Gods in Irish & Celtic Mythology

Instructor: Daniel McCollum

Dan has a Master's Degree in History and has taught undergraduate History

A great god represented with a club and a cauldron is a famous image in ancient Irish art. This figure is the Dagda, the ~'Good God~' of Irish mythology. This lesson looks at the Dagda and other gods of the ancient Irish people.

Celtic and Irish Mythology

Irish mythology is the ancient stories and beliefs of the Gaelic people who were the ancestors of the modern Irish. The Ancient Gaels were a Celtic people and their mythology developed from the diverse beliefs and stories told by the Celts; since the Irish recorded many of their old stories, Irish mythology is the form of Celtic mythology that is best known to us. Since the Irish were an Indo-European people, their mythology has much in common with that of other Indo-European peoples, such as the Romans, the Greeks and the Indians, to name but a few.

The Irish myths that have come down to us were transcribed in Gaelic by monks during the Middle Ages; they are some of the earliest vernacular literature in Europe. Irish myths are often broken into four cycles of stories: the Mythological Cycle, the Cycle of Kings, the Ulster Cycle and the Fenian Cycle. Each cycle includes different sources and has a different focus. The Mythological Cycle, the Cycle of Kings and, to a lesser extent, the Ulster Cycle are the ones that contain the most tales of the ancient Irish gods.

The Tuatha de Danann

The Gods of the ancient Irish were said to be members of the Tuatha de Danann, the Children of Danu. Danu is largely thought to be an earth and mother goddess. These gods are said to not be native to Ireland, but came from an island far to the west (although some stories claim they came from the north). In Irish mythology, the west is often associated with magic and other worldliness; it is the home to Hy-Brasil, Tir na Nog and other magical islands.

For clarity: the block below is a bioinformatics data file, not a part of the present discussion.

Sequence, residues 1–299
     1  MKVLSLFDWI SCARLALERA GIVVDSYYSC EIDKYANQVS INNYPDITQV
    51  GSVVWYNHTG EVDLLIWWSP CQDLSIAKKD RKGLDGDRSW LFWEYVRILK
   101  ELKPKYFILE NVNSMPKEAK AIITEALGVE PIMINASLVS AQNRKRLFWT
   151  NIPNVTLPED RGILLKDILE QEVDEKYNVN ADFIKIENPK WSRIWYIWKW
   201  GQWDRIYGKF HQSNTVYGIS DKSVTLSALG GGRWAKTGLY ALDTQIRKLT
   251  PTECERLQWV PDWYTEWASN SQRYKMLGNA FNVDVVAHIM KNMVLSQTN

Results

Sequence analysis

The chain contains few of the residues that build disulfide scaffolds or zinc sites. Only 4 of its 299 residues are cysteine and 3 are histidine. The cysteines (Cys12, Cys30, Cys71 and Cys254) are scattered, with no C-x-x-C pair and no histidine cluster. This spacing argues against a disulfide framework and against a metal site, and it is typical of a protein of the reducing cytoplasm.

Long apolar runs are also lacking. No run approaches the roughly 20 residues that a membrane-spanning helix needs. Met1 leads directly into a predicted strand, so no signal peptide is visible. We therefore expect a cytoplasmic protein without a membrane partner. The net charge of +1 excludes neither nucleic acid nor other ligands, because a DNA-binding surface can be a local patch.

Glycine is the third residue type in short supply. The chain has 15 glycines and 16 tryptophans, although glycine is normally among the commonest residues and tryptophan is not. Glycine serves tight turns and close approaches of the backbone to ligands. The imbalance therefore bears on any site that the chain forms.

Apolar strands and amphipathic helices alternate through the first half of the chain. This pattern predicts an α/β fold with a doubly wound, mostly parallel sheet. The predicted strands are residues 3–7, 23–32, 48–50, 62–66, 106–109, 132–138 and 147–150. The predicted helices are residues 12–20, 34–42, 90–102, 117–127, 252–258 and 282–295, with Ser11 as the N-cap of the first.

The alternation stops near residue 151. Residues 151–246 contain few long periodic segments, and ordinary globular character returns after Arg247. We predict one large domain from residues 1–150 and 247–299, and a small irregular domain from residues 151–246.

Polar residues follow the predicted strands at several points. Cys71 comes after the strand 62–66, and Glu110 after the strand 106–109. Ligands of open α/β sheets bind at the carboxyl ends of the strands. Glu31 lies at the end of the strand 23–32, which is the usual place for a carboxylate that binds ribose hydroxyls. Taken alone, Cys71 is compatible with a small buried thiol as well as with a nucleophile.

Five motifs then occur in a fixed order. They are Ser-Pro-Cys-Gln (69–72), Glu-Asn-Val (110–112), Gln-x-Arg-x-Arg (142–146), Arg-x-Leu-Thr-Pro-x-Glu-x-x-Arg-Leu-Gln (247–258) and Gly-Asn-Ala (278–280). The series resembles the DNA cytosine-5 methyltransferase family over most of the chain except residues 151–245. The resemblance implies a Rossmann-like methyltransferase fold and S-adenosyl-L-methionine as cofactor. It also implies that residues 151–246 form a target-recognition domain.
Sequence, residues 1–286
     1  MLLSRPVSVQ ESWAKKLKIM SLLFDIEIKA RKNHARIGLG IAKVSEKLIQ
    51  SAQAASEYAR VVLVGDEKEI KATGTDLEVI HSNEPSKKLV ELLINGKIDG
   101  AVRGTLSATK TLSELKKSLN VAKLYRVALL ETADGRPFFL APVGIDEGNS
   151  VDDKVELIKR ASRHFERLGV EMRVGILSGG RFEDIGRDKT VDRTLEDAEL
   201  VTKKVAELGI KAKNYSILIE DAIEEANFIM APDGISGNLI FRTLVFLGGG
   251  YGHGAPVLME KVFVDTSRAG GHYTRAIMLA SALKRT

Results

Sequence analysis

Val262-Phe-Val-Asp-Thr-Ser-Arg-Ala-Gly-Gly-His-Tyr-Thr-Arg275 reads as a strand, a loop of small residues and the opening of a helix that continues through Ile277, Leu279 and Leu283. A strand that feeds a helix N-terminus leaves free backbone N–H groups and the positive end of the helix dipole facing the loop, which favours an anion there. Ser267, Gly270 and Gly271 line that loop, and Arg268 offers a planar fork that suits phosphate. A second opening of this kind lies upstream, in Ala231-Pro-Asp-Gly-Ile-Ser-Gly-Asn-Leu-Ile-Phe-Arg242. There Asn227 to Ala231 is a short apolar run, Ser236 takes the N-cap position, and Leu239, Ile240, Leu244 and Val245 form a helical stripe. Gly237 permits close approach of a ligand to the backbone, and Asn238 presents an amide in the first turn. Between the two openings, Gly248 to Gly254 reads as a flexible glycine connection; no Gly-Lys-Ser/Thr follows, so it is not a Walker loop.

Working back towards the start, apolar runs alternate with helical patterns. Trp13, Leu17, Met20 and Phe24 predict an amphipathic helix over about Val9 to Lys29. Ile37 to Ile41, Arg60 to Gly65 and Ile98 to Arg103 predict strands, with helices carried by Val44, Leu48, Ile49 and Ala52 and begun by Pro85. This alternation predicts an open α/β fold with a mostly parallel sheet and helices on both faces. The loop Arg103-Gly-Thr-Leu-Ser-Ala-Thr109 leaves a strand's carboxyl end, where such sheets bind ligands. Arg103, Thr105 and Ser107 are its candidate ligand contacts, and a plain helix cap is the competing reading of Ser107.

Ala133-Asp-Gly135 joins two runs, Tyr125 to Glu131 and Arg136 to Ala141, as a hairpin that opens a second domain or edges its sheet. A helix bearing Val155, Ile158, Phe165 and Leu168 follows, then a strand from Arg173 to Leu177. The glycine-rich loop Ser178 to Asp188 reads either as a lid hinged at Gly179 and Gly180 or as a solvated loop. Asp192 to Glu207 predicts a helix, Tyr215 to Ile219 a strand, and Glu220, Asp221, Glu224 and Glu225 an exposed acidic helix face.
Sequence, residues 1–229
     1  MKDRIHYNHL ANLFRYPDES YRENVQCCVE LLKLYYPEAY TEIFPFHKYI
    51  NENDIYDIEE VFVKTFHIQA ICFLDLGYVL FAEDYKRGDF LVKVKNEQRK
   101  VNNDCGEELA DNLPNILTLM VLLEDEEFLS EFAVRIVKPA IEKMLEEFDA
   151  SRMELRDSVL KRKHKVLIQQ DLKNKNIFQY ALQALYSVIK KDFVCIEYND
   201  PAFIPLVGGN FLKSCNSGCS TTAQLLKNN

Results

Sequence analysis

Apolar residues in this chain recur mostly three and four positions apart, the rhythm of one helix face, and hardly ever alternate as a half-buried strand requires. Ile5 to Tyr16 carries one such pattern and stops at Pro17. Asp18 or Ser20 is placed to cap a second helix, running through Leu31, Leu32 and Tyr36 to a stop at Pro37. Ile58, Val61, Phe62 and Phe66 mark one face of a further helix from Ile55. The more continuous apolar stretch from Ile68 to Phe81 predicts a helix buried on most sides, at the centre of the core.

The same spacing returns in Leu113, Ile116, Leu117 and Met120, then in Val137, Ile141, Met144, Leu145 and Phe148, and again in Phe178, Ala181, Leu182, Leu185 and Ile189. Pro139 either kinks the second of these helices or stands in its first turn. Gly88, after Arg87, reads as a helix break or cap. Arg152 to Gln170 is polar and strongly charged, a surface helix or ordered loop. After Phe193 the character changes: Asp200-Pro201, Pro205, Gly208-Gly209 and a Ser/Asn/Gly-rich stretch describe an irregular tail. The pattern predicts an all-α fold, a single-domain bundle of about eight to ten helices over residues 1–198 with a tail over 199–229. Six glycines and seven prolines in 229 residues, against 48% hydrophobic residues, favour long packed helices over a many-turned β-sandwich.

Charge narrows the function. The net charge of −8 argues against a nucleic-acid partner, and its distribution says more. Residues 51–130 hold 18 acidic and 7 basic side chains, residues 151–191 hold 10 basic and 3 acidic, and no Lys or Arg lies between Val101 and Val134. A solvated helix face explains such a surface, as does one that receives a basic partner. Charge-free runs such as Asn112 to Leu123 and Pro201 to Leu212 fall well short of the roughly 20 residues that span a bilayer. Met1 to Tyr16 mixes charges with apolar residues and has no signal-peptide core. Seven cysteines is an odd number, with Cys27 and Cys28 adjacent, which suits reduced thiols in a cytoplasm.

Coming to Ireland

When the Gods came to Ireland they found that it was already ruled by another people known as the Fir Bolg, as well as older gods known as the Fomorians. This older generation of gods was monstrous and physically deformed; their leader was a one-eyed giant called Balor whose gaze was said to be able to kill anyone he looked upon. This theme of a generation of monsters preceding the gods is also found in Greek (the Hundred-Handed Ones and the Cyclopes), Norse (the Ice Giants), and several other mythologies.

The Tuatha de Danann went to war with the Fir Bolg and Fomorians, and were eventually victorious after the god Lugh used a sling to kill Balor; the stone was said to have hit him with such force that it knocked his cursed eye out from the back of his head and rolled down a hill, killing all of the Fomorians who saw it.

Although the Tuatha de Danann ruled Ireland for many years, they themselves were eventually defeated by the Milesians, the human ancestors of today's Irish, who drove the gods underground. It was said that the gods then resided in massive halls deep underground and in the ancient mounds that litter the Irish landscape.

Important Gods and Goddesses

The Dagda

The king of the Tuatha de Danaan was a god known as the Dagda. He became king after the wounding of the previous king Nuada, for the laws of the gods and men at the time stated that kings must be whole in body in order to rule. The Dagda possessed a club which was said to be able to kill nine men with a single blow but, as it could take life it could also grant it, for the hilt of the club was able to bring the dead back to life. The Dagda was also known to possesses a magic cauldron called the Undry that was bottomless and could feed any man his fill without running out of food. The Dagda was often called the 'Good God' or the 'All Father' and was depicted either as a shining and great god by later writers and scholars, or as a buffoonish figure with a large phallus.

Like many other kingly gods in world mythology, he was known as a philanderer and had numerous affairs with other goddesses and humans. Because of this, he was seen as the father of Angus, the God of Love; Oghma, the God of Writing and Eloquence; and Brigid, the Goddess of Spring and the Dawn.

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